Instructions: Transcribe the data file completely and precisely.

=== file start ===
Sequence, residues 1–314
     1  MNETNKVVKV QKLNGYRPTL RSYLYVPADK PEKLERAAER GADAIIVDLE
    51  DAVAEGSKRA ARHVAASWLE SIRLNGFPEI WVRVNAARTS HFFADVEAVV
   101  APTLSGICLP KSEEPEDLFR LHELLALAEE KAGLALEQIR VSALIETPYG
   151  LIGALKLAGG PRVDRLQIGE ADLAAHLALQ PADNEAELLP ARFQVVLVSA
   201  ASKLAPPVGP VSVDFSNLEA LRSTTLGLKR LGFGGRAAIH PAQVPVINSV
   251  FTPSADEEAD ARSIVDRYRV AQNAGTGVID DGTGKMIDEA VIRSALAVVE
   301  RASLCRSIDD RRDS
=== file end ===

Sequence, residues 1–314
     1  MNETNKVVKV QKLNGYRPTL RSYLYVPADK PEKLERAAER GADAIIVDLE
    51  DAVAEGSKRA ARHVAASWLE SIRLNGFPEI WVRVNAARTS HFFADVEAVV
   101  APTLSGICLP KSEEPEDLFR LHELLALAEE KAGLALEQIR VSALIETPYG
   151  LIGALKLAGG PRVDRLQIGE ADLAAHLALQ PADNEAELLP ARFQVVLVSA
   201  ASKLAPPVGP VSVDFSNLEA LRSTTLGLKR LGFGGRAAIH PAQVPVINSV
   251  FTPSADEEAD ARSIVDRYRV AQNAGTGVID DGTGKMIDEA VIRSALAVVE
   301  RASLCRSIDD RRDS